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Old 11-09-2013, 04:27 PM   #1
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Powertrain choices

Hello all !


Well, after the recent demise of my boat, I have been looking at replacement options. Of course bigger and better has to be part of that

Although I am a trained and qualified mechanic its not my current career and I left it behind many years ago, but I still know my way around engines and have always done my own repairs on my boats.

Having said that I would live to get some opinions on which way to go for my next boat as I am a relative newbie to cruiser style boats.

Although the boat choice itself is a personal thing there are options regarding engines and drives.

Gents, what are your thoughts on the following, based on say a thirty foot cruiser of some kind

Petrol engine vs diesel
Twin engine vs single engine
Stern drive vs shaft

There are so many options I'd just love to hear the pros and cons !

Thanks !
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Old 11-09-2013, 05:32 PM   #2
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Twin diesels are best of course but usually best does cost more.
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Old 11-09-2013, 06:29 PM   #3
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Desiel with shaft drive. Less in the water to corrode and desiel will last longer especially with how the cooling water is used.

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Old 11-09-2013, 06:31 PM   #4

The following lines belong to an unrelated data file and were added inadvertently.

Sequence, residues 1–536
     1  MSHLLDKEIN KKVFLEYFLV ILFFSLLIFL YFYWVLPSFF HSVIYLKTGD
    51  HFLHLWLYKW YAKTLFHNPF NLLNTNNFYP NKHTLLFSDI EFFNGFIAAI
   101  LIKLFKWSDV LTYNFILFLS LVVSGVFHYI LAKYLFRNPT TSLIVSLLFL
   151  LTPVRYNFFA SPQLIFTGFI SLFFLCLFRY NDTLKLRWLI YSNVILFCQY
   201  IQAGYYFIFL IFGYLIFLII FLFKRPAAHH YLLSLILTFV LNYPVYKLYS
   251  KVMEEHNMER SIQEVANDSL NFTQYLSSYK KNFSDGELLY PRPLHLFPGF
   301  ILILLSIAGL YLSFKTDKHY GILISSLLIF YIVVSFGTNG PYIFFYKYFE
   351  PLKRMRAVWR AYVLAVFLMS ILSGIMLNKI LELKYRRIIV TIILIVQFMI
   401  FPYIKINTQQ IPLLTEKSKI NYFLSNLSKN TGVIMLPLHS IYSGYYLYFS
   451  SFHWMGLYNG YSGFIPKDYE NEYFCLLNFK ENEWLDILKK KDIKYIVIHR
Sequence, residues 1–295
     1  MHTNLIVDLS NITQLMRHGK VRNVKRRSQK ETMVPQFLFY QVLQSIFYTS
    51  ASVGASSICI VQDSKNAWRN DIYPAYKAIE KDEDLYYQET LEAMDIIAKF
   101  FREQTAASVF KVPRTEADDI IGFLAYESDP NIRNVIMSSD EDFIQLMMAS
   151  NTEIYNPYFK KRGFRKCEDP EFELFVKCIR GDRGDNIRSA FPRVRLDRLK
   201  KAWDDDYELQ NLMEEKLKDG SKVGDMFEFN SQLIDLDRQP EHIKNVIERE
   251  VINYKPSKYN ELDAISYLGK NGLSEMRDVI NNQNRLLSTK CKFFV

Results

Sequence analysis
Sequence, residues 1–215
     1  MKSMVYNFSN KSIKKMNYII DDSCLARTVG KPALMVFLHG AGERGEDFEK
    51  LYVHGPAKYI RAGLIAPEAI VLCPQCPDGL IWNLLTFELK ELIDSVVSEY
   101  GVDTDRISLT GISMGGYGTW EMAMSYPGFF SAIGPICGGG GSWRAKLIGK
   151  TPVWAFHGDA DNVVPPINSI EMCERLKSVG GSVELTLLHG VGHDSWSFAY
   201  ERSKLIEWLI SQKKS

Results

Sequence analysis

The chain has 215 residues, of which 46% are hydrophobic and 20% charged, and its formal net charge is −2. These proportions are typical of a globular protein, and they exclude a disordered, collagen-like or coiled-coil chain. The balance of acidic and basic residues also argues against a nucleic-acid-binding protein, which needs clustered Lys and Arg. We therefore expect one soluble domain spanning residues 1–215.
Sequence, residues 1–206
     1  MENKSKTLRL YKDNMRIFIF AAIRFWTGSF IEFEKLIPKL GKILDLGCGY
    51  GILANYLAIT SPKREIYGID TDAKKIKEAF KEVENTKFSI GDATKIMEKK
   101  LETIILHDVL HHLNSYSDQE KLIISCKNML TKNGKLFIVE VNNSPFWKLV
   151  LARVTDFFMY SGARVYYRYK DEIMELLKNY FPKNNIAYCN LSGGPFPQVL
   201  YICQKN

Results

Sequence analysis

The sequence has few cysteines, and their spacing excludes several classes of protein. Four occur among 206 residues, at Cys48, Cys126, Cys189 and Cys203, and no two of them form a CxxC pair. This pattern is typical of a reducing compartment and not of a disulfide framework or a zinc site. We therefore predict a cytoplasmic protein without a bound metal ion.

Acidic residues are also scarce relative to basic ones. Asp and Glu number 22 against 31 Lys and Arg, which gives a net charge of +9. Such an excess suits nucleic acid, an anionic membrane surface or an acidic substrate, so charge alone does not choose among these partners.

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Stern drives. Mounting the gearbox underwater "protected" against water intrusion by rubber seals. Not a good idea IMO. Seen the shell on one hauled out for a/f? Much less maintenance with shaft(s).
Definitely diesel, for safety, longevity, economy. At 30ft single is more likely to be found, your Kingston was single?.
Checked out a Cuddles 30?
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Old 11-09-2013, 07:05 PM   #5
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Bruce, yes my Kingston was a shaft drive diesel. Single engine diesels on a shaft seem to be hard to find unless your after something like what I had. Ie displacement hull and a low hp engine.

I would like to get something that gets along a bit faster as there's a places I'd like to go that a quite a trip away.

I'm thinking say a Riviera 30 type boat

I am worried about stern drives too but they seem to be on anything that gets along a bit quicker.are they really that bad ?

As mentioned above a twin diesel on shafts fits the bill but I'm concerned about the fuel cost.

Petrol engines in cruisers just doesn't seem right to me either..

Hmmm.
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Old 11-09-2013, 07:14 PM   #6
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Grantm wrote;

"As mentioned above a twin diesel on shafts fits the bill but I'm concerned about the fuel cost."

There's a difference between singles and twins but it's fly stuff and dosn't always favor one type.
But if you're talking trawlers like most have here singles are considerably more efficient just because the twins have twice the power as the singles.